Housefly and Pitcher Plant

2007 September 2

The Fly

The first picture I posted in the arthropod project was a blurry image of what was, probably, a housefly. Here is a much better picture, which even shows the wing veins, which make it possible for me to say that it is, probably, a housefly [1]

Well, obviously, since it was in the house, making a nuisance of itself, then of *course* it was a housefly. The only question is whether it is the “real” housefly, Musca domestica, or just some related fly that got into the house. I think it is the real thing, based on comparing some diagrams of wing venation that Bug Guide connected to, so we’ll go with it. Supposedly you can tell if it is male or female depending on the space between the eyes, but there are surprisingly few pictures of houseflies on Bug Guide[2], and I don’t really have much to compare it to.

So what is there to say about houseflies? They grow up in filth, spread bacteria and disease, annoy people and animals by trying to drink sweat and tears, then lay more eggs in more filth. About the best thing to say about them is that they promote elimination of filth, but there are lots of other organisms that do that. Oh, and also they provide nutrients for things like this:

The Fly’s Demise:

We were visiting a nearby lake (Lake Perrault), and noticed that a nice trail had been built to an adjacent small pond that was turning into a peat-moss-filled bog[4]. Right at the end of the trail, just a few feet from the viewing platform, was this beautiful example of a pitcher plant, Sarracenia purpurea. I had known that these existed in Michigan bogs, but I hadn’t realized quite what large plants they were; the flower stalk on this specimen was about two feet tall. It has the look of a tropical plant that somehow found its way into the frozen north.

The insectivorous portions are the leaves at the base, which are modified into tubular structures. Insects crawl in, can’t find their way out, and end up in the digestive fluids at the bottom that convert them into a nice, nitrogenous fertilizer.



This is important for the plant, because the stagnant little ponds that turn into acid bogs are notoriously nitrogen-poor[3]. By catching insects, the plant can extract nitrogen from the insect’s body proteins, fertilizing itself. They probably pick up a non-trivial amount of the other two critical fertilizer components (phosphorus and potassium) from this source as well.

While looking at the plant, we did actually see some flies that looked like houseflies land on the pitchers and go inside, never to be seen again. This suggests that the pitchers smell like decomposing filth, which would mean that nice, fat, juicy filth flies are probably the main thing that the plants eat.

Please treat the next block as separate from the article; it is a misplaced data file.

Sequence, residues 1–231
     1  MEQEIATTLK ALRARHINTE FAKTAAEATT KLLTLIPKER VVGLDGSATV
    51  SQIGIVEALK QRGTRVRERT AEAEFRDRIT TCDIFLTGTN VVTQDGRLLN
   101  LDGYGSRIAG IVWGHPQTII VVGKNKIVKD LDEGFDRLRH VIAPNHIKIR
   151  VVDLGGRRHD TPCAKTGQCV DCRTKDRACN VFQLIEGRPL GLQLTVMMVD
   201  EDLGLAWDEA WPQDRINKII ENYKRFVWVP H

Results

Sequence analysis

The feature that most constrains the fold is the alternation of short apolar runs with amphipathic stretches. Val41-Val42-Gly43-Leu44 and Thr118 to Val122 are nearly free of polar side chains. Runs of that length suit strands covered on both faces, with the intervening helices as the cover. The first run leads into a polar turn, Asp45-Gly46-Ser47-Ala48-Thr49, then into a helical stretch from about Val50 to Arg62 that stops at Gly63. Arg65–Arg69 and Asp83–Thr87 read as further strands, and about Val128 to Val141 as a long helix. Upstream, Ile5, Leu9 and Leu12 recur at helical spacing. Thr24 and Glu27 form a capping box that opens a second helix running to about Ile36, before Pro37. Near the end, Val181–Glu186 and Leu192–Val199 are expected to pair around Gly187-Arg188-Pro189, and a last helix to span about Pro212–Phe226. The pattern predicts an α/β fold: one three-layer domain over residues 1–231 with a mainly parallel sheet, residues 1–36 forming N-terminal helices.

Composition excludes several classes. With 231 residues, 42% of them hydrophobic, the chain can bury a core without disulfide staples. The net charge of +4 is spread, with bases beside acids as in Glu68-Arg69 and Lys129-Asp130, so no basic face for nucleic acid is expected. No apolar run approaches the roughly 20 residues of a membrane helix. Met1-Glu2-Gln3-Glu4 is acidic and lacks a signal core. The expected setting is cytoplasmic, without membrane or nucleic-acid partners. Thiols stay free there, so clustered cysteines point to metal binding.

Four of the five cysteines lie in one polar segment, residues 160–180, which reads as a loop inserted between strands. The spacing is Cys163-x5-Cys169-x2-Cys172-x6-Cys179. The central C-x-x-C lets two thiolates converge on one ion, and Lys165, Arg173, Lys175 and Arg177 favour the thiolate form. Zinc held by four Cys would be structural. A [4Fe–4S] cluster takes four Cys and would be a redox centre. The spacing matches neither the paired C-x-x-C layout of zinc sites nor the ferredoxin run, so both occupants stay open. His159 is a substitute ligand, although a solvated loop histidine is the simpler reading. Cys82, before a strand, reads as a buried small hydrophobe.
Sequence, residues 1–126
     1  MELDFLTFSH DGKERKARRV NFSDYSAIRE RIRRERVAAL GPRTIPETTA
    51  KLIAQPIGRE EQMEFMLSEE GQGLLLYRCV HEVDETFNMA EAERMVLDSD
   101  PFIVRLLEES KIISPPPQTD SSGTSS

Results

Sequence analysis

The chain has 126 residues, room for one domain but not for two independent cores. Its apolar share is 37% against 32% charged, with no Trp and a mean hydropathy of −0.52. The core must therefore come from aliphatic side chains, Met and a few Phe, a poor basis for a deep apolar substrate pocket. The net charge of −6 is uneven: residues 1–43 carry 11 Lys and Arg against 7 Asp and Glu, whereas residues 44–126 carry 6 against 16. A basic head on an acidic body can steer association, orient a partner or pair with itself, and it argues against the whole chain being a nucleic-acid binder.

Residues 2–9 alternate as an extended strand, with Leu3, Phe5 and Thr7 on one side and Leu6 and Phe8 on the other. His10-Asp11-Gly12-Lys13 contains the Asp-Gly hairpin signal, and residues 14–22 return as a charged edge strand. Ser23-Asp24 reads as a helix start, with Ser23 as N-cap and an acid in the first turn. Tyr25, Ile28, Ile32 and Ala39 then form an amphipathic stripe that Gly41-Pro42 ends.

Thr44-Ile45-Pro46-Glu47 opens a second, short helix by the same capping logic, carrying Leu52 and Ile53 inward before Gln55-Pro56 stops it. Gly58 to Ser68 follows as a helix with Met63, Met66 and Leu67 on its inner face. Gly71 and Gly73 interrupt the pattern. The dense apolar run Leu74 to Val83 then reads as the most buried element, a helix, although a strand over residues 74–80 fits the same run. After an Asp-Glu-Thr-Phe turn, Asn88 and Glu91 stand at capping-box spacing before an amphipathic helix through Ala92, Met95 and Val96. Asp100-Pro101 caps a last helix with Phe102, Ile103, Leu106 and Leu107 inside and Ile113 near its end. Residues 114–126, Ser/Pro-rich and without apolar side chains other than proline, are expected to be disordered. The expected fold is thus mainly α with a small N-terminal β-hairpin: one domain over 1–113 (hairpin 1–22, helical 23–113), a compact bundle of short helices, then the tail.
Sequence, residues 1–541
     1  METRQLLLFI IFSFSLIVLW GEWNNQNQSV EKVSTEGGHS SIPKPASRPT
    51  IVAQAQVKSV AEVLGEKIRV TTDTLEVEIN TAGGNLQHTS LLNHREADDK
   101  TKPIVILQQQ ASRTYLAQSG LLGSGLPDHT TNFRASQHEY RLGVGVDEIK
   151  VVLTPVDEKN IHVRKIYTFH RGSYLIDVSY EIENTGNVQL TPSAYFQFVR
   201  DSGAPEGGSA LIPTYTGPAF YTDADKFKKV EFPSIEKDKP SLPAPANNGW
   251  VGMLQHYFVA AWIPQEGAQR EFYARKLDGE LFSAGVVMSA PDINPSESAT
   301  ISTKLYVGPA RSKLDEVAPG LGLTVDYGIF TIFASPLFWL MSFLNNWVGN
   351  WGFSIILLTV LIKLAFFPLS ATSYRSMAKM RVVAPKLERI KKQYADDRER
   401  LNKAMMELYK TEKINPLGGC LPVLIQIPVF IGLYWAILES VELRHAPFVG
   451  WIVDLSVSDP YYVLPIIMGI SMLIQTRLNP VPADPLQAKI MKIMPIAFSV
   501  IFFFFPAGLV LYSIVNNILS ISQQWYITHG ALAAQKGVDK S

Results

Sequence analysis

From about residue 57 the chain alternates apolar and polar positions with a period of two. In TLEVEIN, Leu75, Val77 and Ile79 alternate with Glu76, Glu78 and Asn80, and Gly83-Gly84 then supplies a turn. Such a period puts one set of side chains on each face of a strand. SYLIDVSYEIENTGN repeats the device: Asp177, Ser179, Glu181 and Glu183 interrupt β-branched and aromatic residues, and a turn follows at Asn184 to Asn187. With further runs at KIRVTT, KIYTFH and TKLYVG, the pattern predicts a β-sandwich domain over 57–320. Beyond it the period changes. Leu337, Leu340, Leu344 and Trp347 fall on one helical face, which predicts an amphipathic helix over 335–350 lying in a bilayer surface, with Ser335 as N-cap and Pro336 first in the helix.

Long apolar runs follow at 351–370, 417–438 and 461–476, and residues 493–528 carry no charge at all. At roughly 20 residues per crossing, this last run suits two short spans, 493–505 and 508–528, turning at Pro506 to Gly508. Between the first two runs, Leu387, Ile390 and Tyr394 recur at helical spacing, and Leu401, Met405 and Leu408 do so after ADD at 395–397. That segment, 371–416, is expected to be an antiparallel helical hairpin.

[1] Oh sure, you may think that saying it is “probably a housefly” now is no better than saying it was “probably a housefly” then, so what’s the point of posting another picture? Well, first of all, this is a much *nicer* picture. And second, while I am still confused and uncertain, the confusion and uncertainty is on a much *higher plane*. That is, back then I was confused because I couldn’t even tell for sure if the wings *had* veins, or if there *were* eyes. Now, I can be confused because, while I can *see* the veins and the stripe between the eyes, I don’t necessarily know what they mean.

[2] This is one of the failings of things like Bug Guide that depend on random user contributions: people mostly take pictures of insects that are large, colorful, unusual, or otherwise striking. A housefly is none of these things. So, hardly any pictures, and the ones that are there, tend to be not the best.

[3] The nitrogen problem is the same thing that has driven so many of the insects that live in swamps and bogs to take up the habit of drinking blood. This leads to the situation where a biting fly might get a full load of blood from some hapless vertebrate, only to come back to the bog and get itself digested by a carnivorous plant. This is probably the only way that carnivorous plants would get any of their nutrition from human flesh, since even venus flytraps aren’t strong enough to bite off a chunk of you.

[4] The trail is part of the Michigan Nature Association’s Robert T. Brown Nature Sanctuary, which is centered around the little bog in question. The boardwalk was evidently just built by students and teachers from the Jeffers School

4 Responses
  1. Lyle Laylin permalink
    March 8, 2018

    Holy Cow!
    I’ve been looking in Michigan for Pitcher plants for years (not very hard)
    I may have walked right by while looking for a little bitty thing (like a Sundew )
    I’m absolutely going there this summer for a look.

    and for a diversion – Flies Eyes

  2. March 12, 2018

    Lyle: I just hope that they are still there (it has been awhile, these pictures are almost ten years old).

    That was an . . . interesting link. I don’t believe I ever heard anything by Heywood Banks before.

  3. Lyle Laylin permalink
    March 14, 2018

    The carnivorous plants are pretty limited as to where they will grow but they tend to be better at those environments than other plants, so once they have a spot they tend to stay there (at least according to what I’ve read)
    And honestly, another excuse to go somewhere new in the Keweenaw is always welcome.

    I first heard the song sung by a comedian who would wear a pair of “glasses” made out of strainers while he did it

  4. Lyle Laylin permalink
    June 24, 2018

    Thanks again for this post.
    I just got back from a visit to the Fen and got pictures of several different pitcher plants as well as some pink lady slippers which were also in bloom.

    I do hope the current lack of posts is solely do to you being very busy on other projects and we’ll see some new posts here in the future.

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